The William Jefferson Chronicles

William Jefferson's sentencing pushed back to Nov. 13
By Bruce Alpert, Times-Picayune
October 14, 2009, 7:26PM

Sentencing for former U.S. Rep. William Jefferson now will be Nov. 13, U.S. District Court Judge T.S. Ellis III ruled Wednesday.

Jefferson originally was scheduled for sentencing Oct. 30 after he was found guilty in August by a Virginia jury on 11 of 16 corruption charges.

Also Wednesday, the 4th U.S. Circuit Court of Appeals released a March 2007 ruling that allowed the Justice Department to use material from Jefferson's congressional office. The ruling had been sealed at Jefferson's request because its release would have disclosed that he had invoked his 5th Amendment protection against self-incrimination in trying to keep the documents out of the hands of investigators.

Disclosure of his 5th Amendment claim in advance of any grand jury indictment, which didn't come until June 2007, would have been unfairly prejudicial, the 4th Circuit decided.

In its ruling, the appellate court agreed with Ellis that documents obtained from Jefferson's personal inner office was off limits, but material obtained from the outside suite of offices that housed his nine-member staff could be shown to the grand jury.

The appeals court said that Jefferson's 5th Amendment argument wasn't valid because his then-chief of staff, Nicole Venable, had jurisdiction over many of the disputed documents. Since the documents weren't specifically under Jefferson's direct control, the three-judge panel ruled that the government could compel the chief of staff to hand them over to the federal grand jury.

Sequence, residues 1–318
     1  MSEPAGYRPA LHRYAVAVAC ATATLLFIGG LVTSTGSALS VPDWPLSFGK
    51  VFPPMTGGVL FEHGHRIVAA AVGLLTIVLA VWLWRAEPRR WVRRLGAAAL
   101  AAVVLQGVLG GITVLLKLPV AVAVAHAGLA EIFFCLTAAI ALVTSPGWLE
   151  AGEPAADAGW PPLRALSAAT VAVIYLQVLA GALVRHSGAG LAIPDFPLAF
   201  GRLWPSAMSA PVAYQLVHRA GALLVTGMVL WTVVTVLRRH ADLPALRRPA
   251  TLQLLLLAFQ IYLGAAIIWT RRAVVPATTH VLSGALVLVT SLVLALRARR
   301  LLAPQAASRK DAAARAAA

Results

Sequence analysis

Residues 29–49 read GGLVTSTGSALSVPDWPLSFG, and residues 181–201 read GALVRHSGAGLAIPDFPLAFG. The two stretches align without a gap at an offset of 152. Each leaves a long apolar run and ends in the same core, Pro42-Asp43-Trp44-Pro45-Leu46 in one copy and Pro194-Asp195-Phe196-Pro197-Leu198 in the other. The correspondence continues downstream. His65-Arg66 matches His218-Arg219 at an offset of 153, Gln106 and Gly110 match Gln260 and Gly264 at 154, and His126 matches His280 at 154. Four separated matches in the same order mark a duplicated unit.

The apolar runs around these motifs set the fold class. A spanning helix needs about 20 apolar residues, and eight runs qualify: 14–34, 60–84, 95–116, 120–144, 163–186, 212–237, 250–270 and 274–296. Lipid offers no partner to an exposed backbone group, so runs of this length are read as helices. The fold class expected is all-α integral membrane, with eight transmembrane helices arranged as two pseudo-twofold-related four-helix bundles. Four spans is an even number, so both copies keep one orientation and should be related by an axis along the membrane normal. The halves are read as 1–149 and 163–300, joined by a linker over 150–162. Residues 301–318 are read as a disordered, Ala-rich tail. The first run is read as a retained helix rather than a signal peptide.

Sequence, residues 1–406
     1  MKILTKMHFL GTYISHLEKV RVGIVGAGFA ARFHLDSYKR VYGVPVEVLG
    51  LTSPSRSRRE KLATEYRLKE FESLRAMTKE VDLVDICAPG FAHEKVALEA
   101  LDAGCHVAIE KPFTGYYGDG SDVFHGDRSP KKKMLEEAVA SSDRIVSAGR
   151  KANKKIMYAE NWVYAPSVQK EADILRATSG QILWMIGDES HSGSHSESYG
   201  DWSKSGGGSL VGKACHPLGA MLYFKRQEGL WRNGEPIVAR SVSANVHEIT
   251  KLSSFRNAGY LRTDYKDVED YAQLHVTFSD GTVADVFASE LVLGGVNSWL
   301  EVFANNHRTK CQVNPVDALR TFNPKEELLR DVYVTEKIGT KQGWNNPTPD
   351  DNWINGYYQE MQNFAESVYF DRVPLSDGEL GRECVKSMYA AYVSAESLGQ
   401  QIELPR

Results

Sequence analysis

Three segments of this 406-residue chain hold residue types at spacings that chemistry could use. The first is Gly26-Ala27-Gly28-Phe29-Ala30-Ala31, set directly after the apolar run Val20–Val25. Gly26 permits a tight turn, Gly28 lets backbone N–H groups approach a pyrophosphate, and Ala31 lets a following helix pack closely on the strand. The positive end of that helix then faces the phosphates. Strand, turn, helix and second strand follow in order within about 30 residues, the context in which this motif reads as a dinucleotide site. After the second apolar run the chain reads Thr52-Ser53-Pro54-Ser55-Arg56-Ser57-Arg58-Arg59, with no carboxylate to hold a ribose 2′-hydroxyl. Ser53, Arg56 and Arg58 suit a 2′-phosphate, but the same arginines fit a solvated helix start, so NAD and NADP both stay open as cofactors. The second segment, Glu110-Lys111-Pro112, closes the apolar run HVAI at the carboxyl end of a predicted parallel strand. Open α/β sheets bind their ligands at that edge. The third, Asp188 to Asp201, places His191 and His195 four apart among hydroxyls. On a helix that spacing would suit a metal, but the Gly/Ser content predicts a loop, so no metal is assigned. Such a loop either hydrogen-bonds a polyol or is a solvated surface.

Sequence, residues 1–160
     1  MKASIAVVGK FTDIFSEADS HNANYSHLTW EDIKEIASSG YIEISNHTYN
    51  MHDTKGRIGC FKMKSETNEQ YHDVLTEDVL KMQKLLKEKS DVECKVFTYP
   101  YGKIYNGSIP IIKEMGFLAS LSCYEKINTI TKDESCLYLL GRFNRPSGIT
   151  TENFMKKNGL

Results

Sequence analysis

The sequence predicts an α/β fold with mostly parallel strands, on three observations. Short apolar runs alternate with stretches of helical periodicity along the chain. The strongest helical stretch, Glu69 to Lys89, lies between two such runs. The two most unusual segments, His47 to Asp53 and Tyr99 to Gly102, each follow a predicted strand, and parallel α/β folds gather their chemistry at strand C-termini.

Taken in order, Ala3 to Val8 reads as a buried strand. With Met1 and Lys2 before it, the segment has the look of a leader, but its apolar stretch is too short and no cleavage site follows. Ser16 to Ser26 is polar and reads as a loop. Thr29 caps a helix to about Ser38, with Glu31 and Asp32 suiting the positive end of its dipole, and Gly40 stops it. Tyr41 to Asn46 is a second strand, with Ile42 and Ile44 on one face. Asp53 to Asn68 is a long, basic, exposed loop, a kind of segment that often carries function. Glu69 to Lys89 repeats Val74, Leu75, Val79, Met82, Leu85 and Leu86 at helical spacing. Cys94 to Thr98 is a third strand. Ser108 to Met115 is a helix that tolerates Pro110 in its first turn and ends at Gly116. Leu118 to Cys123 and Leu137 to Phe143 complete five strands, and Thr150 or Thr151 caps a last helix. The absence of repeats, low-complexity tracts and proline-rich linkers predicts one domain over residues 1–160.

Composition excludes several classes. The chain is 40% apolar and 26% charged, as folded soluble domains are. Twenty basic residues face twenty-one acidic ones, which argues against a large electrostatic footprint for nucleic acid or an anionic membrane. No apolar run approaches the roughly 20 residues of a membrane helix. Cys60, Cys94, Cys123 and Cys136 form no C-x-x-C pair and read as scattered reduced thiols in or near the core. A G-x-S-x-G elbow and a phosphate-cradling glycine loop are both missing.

In asking Ellis for a delay in sentencing, Jefferson's attorneys, led by Robert Trout, said a defendant is entitled to receive a pre-sentence report from the federal probation officer at least 35 days before sentencing. Jefferson didn't receive his report until Oct. 1, meaning the earliest sentencing could occur under federal rules is Nov. 5, according to the brief filed last week.

The lawyers asked for another week's delay because of what they called the "complexity of the case, " and Ellis agreed to the request.

Jefferson, 62, was convicted Aug. 5 of soliciting bribes, money laundering, depriving citizens of honest services as a member of Congress and turning his congressional office into a racketeering enterprise. He was acquitted of charges of obstruction of justice, violating the Foreign Corrupt Services Act and three honest services counts.

Prosecutors are likely to ask for a sentence of 20 years or more. Jefferson's attorneys are likely to ask for a significantly lower sentence and that he remain free pending a likely appeal to the 4th U.S. Circuit Court of Appeals in Richmond, Va.

Among other issues, the defense attorneys are likely to argue that Ellis erred in not granting Jefferson a new trial on grounds that the jury was not told that an undercover FBI agent involved in the investigation had a sexual relationship with the key government informant, Virginia businesswoman Lori Mody. Mody secretly recorded conversations with Jefferson between March and August, 2005.

The corruption trial centered on evidence that Jefferson demanded payments to family-owned companies in return for his help in promoting business projects in Western Africa. His attorneys argued that the allegations involved private dealings, not official acts by a member of Congress, and therefore were not covered by the federal bribery statute.

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Bruce Alpert can be reached at or 202.383.7861.

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